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OPEC Departures - Those Who Escaped (actually four)

Alina Haynes

Nov 04, 2022 17:41



Beginning this week, we will investigate OPEC dropouts, the worldwide group intended to control oil prices and protect its members' energy interests - primarily against private oil corporations. Ecuador, Indonesia, Gabon, and Qatar are the four OPEC members who have suspended or cancelled their memberships since the organization's inception in 1960.


Even though it is an energy-related institution, its impact extends to both the market and geopolitics. The most obvious example would be the energy crisis of the 1970s, which was created by a crude oil embargo imposed on the west as punishment for its backing of Israel. Inadvertently, this promotes energy security for western nations, driving the United States to become the world's greatest oil producer.


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How Powerful Is OPEC?

In an effort to stabilize oil prices and protect national interests, OPEC has reduced daily crude oil output quotas (not actual production) by two million barrels. Since the October announcement, oil bulls have regained their power. WTI oil futures were trading at $88.59 per barrel as of 2 November, and Brent oil futures were trading at 94.72 per barrel - an increase of nearly $10 in less than a month.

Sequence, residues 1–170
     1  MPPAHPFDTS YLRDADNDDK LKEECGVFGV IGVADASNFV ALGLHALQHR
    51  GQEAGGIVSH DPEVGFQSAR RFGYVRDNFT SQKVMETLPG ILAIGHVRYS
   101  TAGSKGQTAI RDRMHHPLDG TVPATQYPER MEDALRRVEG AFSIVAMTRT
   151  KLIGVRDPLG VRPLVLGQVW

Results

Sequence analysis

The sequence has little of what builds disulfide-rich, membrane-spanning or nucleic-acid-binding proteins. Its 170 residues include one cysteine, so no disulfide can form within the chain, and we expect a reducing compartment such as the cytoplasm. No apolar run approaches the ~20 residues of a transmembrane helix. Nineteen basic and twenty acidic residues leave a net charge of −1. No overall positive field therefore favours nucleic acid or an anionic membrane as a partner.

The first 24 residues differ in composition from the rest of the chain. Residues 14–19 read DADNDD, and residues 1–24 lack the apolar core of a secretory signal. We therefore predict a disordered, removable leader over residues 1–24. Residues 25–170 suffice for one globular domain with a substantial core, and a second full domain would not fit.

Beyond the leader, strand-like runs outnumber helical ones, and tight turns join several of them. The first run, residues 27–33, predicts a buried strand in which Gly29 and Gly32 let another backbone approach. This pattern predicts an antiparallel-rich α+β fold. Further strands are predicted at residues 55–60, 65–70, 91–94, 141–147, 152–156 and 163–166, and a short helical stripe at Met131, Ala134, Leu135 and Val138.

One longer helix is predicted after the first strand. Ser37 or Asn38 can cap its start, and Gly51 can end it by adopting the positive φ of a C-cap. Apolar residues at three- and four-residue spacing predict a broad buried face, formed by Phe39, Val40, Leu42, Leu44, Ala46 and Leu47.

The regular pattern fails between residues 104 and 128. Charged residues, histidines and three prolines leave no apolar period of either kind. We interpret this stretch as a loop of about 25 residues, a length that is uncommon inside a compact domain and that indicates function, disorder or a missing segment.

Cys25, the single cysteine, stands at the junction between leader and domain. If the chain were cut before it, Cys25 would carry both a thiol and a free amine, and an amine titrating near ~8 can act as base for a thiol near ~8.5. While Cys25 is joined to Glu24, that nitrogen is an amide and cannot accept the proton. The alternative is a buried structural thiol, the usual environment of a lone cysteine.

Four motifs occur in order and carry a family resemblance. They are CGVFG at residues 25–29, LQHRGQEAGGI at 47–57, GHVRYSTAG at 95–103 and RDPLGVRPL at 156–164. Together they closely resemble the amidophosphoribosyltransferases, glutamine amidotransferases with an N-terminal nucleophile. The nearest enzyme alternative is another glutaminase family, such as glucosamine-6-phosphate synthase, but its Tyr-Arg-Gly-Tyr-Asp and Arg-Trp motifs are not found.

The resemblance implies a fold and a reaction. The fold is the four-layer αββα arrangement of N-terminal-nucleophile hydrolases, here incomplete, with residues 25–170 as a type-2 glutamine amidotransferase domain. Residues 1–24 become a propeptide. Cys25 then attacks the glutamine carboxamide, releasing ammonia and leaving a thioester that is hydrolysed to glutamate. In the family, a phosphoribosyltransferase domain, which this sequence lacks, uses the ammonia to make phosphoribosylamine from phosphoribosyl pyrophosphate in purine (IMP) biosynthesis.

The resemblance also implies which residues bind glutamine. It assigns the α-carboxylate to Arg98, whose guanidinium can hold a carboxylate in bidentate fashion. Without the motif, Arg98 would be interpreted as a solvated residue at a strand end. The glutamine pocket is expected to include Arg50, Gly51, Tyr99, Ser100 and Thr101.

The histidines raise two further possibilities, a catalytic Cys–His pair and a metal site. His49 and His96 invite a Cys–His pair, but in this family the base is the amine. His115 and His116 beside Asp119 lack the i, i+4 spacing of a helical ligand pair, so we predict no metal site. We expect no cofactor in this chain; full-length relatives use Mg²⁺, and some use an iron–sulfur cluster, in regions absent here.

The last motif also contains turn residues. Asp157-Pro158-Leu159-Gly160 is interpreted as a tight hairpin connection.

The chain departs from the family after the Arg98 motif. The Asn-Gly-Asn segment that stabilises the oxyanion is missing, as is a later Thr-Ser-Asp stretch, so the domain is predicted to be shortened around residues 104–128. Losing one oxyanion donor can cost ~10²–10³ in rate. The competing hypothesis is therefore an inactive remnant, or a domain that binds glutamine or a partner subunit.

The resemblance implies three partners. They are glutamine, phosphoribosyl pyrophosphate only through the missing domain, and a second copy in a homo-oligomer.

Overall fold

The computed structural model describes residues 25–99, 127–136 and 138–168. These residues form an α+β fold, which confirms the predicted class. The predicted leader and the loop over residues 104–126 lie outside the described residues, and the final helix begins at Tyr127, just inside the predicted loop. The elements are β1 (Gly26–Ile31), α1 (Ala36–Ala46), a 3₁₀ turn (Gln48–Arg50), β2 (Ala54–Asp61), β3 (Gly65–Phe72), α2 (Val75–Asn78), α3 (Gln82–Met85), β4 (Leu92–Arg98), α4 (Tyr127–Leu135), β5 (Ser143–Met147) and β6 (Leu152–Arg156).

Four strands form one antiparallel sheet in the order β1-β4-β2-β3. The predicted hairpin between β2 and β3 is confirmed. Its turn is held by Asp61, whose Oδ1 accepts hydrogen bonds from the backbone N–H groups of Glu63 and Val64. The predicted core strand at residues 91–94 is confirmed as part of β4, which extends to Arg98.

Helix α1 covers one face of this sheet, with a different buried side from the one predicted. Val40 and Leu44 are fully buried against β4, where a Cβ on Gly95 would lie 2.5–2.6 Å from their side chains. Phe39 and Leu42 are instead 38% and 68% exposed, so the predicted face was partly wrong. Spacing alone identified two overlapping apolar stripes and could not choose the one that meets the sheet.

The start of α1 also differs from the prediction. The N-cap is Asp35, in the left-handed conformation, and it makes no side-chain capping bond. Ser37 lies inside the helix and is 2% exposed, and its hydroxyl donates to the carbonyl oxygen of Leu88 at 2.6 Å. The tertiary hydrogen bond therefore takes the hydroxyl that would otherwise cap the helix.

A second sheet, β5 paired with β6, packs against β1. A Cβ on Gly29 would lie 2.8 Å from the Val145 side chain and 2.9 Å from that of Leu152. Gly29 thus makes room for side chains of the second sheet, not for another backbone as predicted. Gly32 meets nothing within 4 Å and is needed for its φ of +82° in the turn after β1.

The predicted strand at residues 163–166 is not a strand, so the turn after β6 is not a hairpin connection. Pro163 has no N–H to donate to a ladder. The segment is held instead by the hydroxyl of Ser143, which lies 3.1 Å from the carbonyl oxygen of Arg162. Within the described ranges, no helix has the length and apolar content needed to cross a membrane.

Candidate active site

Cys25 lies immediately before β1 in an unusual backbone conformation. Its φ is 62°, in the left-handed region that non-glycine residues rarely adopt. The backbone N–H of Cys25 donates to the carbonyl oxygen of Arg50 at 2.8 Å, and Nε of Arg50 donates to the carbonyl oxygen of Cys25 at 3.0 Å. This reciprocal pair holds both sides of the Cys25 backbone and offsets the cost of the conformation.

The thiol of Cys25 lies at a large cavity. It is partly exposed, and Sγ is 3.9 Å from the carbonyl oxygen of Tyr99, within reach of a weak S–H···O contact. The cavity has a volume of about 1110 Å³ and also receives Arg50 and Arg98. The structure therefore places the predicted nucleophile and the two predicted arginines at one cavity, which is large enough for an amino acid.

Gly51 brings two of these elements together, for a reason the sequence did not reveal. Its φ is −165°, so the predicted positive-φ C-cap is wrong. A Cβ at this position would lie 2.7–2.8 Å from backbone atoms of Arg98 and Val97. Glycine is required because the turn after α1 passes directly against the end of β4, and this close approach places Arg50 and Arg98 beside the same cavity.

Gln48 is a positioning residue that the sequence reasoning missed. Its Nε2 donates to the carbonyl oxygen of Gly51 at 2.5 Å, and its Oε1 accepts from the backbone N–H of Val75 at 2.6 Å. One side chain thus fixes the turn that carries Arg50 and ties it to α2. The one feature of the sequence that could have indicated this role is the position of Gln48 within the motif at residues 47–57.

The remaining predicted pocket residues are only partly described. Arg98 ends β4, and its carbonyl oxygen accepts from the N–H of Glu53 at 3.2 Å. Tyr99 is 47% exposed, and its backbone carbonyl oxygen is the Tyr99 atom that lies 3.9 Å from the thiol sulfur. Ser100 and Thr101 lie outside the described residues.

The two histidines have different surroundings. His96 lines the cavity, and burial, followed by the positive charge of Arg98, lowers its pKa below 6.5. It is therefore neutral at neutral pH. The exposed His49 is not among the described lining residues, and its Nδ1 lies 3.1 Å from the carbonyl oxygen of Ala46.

By controlling around 40% of world oil output and 80% of global oil reserves, the Organization of Petroleum Exporting Countries (OPEC) has been able to influence the market and even international relations. If so, why would its members choose to quit, especially in the twenty-first century, when many nations are undertaking energy transformation and diversification and (public and private) oil producers are gaining less positive public images and becoming less sustainable?

Why Depart? 

OPEC acts in a manner comparable to that of a labor union, earning bargaining leverage and financial gains by collective action/stance. But when the costs outweigh the benefits, it makes sense to depart. In this instance, Ecuador claimed fiscal issues as the reason for its second official withdrawal from OPEC. The country's economy has struggled for decades. It claimed that the OPEC production quota and the membership fee of two million dollars created major financial restraints.


As the Russian invasion of Ukraine continued, the market opportunity given to oil-producing nations by rising energy costs became more alluring. However, OPEC members were required to adhere to the output quota, and oil-dependent nations were placed in a disadvantageous situation. Low-producing nations, such as Ecuador, were eclipsed by major producers, such as Saudi Arabia, due to the disparity in output levels.


Complex political subtleties among OPEC members have also given rise to discontent. The departures of Qatar and Indonesia can be partially ascribed to geopolitical issues, especially those that occur beyond their borders. Stay tuned as we discover more about the oil-producing nations in the periphery.